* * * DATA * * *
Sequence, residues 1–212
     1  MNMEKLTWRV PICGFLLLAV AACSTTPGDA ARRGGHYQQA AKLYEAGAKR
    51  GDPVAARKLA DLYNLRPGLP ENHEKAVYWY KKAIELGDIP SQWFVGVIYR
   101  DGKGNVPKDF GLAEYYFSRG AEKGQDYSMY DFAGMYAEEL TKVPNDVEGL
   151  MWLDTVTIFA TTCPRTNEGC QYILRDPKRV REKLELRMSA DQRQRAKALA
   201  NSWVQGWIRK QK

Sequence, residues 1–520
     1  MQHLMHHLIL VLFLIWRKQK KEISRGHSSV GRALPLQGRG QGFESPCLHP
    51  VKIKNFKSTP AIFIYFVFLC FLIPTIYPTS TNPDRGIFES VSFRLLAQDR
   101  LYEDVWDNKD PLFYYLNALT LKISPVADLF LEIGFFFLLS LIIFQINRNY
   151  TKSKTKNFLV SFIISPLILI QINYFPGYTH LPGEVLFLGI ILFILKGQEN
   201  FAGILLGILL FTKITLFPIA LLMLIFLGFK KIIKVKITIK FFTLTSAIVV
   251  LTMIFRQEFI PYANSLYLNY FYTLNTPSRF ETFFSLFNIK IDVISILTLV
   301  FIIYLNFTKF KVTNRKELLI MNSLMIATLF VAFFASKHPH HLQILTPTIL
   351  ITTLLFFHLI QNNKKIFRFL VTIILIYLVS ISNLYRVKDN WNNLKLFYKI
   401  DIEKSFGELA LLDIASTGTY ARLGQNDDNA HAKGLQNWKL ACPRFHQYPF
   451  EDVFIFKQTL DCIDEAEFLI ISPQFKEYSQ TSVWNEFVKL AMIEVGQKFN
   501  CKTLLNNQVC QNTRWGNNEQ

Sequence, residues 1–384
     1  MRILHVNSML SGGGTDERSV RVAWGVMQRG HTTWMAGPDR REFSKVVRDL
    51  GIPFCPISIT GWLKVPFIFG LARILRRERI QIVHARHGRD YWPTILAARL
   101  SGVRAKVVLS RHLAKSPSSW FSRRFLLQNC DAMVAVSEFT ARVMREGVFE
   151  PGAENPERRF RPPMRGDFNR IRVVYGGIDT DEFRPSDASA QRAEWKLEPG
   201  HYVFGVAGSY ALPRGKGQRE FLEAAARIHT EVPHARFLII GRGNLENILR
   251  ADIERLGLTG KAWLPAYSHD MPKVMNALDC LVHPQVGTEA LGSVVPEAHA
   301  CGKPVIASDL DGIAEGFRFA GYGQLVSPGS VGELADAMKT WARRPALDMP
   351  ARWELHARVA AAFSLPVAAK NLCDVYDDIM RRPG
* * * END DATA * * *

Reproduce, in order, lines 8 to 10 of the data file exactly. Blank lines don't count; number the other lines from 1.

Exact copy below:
     1  MQHLMHHLIL VLFLIWRKQK KEISRGHSSV GRALPLQGRG QGFESPCLHP
    51  VKIKNFKSTP AIFIYFVFLC FLIPTIYPTS TNPDRGIFES VSFRLLAQDR
   101  LYEDVWDNKD PLFYYLNALT LKISPVADLF LEIGFFFLLS LIIFQINRNY